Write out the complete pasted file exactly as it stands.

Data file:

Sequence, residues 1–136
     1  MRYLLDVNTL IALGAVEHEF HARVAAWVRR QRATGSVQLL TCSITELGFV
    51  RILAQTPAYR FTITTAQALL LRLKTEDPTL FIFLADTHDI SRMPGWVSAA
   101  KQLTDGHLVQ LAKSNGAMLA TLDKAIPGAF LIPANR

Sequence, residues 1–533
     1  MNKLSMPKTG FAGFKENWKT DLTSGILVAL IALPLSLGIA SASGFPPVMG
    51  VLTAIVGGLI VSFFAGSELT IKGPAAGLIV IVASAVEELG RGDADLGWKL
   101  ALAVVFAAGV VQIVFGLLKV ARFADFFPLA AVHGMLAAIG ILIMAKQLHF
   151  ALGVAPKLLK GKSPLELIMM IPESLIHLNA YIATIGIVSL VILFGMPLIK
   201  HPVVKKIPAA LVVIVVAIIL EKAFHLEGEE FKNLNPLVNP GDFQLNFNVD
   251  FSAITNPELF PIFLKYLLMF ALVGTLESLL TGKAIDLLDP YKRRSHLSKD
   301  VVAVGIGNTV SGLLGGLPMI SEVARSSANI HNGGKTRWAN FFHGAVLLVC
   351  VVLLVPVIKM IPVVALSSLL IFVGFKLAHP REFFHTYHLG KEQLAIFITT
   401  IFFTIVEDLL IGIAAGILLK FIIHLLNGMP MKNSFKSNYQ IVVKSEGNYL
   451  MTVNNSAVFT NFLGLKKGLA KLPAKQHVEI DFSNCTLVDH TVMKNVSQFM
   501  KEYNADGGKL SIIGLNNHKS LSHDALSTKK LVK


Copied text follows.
Sequence, residues 1–136
     1  MRYLLDVNTL IALGAVEHEF HARVAAWVRR QRATGSVQLL TCSITELGFV
    51  RILAQTPAYR FTITTAQALL LRLKTEDPTL FIFLADTHDI SRMPGWVSAA
   101  KQLTDGHLVQ LAKSNGAMLA TLDKAIPGAF LIPANR

Sequence, residues 1–533
     1  MNKLSMPKTG FAGFKENWKT DLTSGILVAL IALPLSLGIA SASGFPPVMG
    51  VLTAIVGGLI VSFFAGSELT IKGPAAGLIV IVASAVEELG RGDADLGWKL
   101  ALAVVFAAGV VQIVFGLLKV ARFADFFPLA AVHGMLAAIG ILIMAKQLHF
   151  ALGVAPKLLK GKSPLELIMM IPESLIHLNA YIATIGIVSL VILFGMPLIK
   201  HPVVKKIPAA LVVIVVAIIL EKAFHLEGEE FKNLNPLVNP GDFQLNFNVD
   251  FSAITNPELF PIFLKYLLMF ALVGTLESLL TGKAIDLLDP YKRRSHLSKD
   301  VVAVGIGNTV SGLLGGLPMI SEVARSSANI HNGGKTRWAN FFHGAVLLVC
   351  VVLLVPVIKM IPVVALSSLL IFVGFKLAHP REFFHTYHLG KEQLAIFITT
   401  IFFTIVEDLL IGIAAGILLK FIIHLLNGMP MKNSFKSNYQ IVVKSEGNYL
   451  MTVNNSAVFT NFLGLKKGLA KLPAKQHVEI DFSNCTLVDH TVMKNVSQFM
   501  KEYNADGGKL SIIGLNNHKS LSHDALSTKK LVK